Deals Close on Transportation, Student Loan Rates
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Deals Close on Transportation, Student Loan Rates

iStockphoto/The Fiscal Times

U.S. congressional negotiators neared a pair of election-year deals on Tuesday, one for a massive job-creating transportation bill, the other to prevent a doubling of student-loan interest rates, said Senate Majority Leader Harry Reid. Reid, a Democrat, said it was possible that final bipartisan agreements could be reached on both long-stalled pieces of legislation before lawmakers leave at week's end for a holiday recess.

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To make that deadline, bill text needs to be firm by Wednesday, and several elements were still "precarious" as of Tuesday evening, said James Lankford, a House Republican from Oklahoma on the negotiating panel. "It feels like we've got six different sets of plates that are spinning up there and if any one of them falls, then the whole thing is going to fall," Lankford told Reuters.

Senate negotiators reached a tentative deal to fund a one-year, $6 billion extension of the current interest rate of 3.4 percent for new Stafford loans for about 7.4 million students, aides and lawmakers said. Assistant Senate Republican leader Jon Kyl said: "We've reached an agreement on the (student loan) bill, and the only thing that would be holding that up is the politics of the highway bill."

Senate aides said the two bills could be combined, passed together and presented to President Barack Obama to sign into law as a package within days, provided Republicans in the House of Representatives go along with it. But it was unclear if they would.

One major stumbling block remained: how to deal with House Republican demands to include accelerated approval of the Keystone XL crude oil pipeline from Canada to Texas as part of the highway bill. Obama put the project on hold this year pending further environmental review. The move riled House Republicans, who say it should be promptly approved for the good of the country.

"I think Keystone's still very much in play, even right now," Republican Rob Bishop said on Tuesday evening. "It probably will be the last issue to be settled."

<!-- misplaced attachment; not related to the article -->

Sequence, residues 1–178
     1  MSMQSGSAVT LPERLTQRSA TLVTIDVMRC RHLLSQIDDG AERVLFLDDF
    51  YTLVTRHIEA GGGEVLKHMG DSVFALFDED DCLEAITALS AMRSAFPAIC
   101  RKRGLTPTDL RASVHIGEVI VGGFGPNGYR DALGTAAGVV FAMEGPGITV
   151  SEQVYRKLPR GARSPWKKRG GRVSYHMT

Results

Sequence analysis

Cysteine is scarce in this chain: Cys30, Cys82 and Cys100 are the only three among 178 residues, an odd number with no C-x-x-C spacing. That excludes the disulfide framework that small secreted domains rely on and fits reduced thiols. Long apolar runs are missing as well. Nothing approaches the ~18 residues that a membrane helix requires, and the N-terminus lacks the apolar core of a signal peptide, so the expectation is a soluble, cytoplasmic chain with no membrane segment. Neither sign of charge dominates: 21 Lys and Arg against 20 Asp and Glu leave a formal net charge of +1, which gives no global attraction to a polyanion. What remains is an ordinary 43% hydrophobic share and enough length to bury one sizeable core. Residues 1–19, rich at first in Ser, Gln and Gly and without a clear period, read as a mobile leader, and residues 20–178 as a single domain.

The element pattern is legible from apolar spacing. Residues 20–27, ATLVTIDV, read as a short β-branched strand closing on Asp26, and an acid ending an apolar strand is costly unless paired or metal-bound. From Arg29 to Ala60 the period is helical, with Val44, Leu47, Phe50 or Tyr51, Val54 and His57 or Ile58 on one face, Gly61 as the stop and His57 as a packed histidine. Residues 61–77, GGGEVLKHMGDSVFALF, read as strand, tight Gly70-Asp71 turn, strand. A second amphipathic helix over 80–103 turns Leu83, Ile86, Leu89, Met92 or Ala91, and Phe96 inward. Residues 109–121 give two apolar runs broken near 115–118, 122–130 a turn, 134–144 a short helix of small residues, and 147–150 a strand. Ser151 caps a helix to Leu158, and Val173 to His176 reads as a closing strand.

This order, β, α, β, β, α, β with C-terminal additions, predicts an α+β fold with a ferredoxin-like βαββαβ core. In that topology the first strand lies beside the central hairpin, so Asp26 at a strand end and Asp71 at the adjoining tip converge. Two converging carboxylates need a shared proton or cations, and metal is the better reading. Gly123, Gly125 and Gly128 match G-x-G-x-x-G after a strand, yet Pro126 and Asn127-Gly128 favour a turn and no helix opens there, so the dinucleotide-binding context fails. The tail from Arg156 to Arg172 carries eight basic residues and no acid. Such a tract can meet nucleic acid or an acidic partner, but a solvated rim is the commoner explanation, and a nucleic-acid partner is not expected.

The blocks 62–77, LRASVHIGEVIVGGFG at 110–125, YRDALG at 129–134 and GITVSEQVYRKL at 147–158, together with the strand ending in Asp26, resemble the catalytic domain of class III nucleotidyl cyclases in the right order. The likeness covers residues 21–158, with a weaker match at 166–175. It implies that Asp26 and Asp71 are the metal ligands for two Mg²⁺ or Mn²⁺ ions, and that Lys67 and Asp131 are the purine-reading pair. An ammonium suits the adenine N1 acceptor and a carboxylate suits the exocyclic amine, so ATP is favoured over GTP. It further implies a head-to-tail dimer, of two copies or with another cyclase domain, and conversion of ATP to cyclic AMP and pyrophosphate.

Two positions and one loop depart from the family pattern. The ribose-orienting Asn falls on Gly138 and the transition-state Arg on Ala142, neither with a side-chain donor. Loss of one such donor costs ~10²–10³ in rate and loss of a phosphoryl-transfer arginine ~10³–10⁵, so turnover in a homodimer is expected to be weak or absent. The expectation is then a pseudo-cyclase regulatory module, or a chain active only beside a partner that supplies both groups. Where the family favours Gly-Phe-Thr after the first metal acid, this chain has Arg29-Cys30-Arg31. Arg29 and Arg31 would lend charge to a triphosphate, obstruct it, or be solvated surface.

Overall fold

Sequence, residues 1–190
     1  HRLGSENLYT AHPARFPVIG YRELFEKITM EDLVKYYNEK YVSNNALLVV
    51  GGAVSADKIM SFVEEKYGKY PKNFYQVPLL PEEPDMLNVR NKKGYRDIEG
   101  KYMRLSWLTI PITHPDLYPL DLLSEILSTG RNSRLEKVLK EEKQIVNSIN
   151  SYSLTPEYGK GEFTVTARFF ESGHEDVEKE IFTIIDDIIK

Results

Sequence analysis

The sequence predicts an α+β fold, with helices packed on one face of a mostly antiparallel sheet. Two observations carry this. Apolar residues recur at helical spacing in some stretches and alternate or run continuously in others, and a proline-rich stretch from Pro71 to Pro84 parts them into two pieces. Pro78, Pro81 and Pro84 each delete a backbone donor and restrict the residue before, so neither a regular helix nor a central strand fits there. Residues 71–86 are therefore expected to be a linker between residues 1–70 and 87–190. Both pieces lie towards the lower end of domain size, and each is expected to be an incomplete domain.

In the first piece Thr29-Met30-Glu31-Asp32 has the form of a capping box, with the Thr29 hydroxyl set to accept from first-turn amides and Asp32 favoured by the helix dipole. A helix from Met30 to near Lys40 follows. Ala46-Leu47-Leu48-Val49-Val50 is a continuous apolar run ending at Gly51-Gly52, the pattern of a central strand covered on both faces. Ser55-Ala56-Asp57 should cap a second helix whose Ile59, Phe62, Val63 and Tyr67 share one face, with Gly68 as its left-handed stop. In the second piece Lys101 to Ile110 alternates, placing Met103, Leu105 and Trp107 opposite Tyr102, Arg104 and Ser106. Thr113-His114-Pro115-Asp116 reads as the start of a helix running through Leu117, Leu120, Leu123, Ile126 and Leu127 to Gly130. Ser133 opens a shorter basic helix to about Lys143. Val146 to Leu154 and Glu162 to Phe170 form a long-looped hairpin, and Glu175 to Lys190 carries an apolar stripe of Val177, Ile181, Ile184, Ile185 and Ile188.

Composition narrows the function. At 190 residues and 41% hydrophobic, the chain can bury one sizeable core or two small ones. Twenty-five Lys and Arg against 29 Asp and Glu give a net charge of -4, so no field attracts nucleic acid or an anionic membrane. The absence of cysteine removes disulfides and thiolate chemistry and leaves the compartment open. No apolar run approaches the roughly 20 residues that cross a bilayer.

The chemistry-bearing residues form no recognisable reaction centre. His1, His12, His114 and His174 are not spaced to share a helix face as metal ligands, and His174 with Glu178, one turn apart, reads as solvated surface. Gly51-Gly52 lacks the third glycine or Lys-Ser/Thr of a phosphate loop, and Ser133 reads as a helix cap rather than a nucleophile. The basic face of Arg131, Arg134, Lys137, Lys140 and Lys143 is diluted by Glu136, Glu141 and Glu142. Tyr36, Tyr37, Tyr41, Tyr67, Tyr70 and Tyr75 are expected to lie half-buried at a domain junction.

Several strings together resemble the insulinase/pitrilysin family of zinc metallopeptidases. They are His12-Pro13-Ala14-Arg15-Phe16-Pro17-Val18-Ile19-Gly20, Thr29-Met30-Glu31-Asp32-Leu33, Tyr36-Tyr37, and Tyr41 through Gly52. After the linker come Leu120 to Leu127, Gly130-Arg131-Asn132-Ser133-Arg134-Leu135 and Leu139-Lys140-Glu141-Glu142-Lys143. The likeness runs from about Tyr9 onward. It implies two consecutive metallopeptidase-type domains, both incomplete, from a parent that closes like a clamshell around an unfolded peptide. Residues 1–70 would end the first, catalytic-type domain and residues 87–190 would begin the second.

Federal funding for road, bridge and rail projects - and as many as 3 million construction jobs - expires on Saturday, putting lawmakers under pressure to come to an agreement on a two-year package proposed by the Senate, or craft a short-term extension at current funding levels. Neither Democrats nor Republicans want to be blamed for stalling the bill, a move that would hurt the economy ahead of the November 6 general election.

"I think its chances today are better than 50-50 that we can get a bill done," Reid said, adding that he needed a hand from the top House Republican, Speaker John Boehner. "We're still looking at Speaker Boehner to help us get that over the finish line," Reid said.

The starting point for talks on the transportation construction bill was a two-year, $109 billion package passed by the Senate. Republicans have won some tentative concessions to streamline environmental reviews for certain types of road projects, and to ease proposed regulations for coal ash, a power-plant byproduct used in cement.

Lawmakers must move fast to prevent a doubling of the interest rate on federal Stafford student loans to 6.8 percent that would take place on July 1. In recent months, each side has swapped and rejected competing proposals. Under the tentative deal, $1.2 billion of the $6 billion needed to extend the low-interest rate for a year would come from limiting subsidized loans to 150 percent of the length of time a student attends a college. For example, the subsidy would be good for six years for those who get four-year undergraduate degrees, an aide said.

Another $5 billion would come from the way employers compute their pension liabilities while $500 million would be the result of changes in employer contributions to the Pension Benefit Guarantee Corporation, the aide said. Failure to extend the low rate would cost an estimated 7.4 million students an average of about $1,000 each in added costs over the life of their college loans, the White House estimates.

Obama began cranking up pressure on Congress in April with campaign-style speeches at college campuses urging it to extend the low rate. Republican presidential challenger Mitt Romney subsequently said that he, too, believes that the rate should be renewed, but Democratic and Republican lawmakers have wrestled over how to fund it without adding to budget deficits.

(Additional reporting by Richard Cowan and Donna Smith)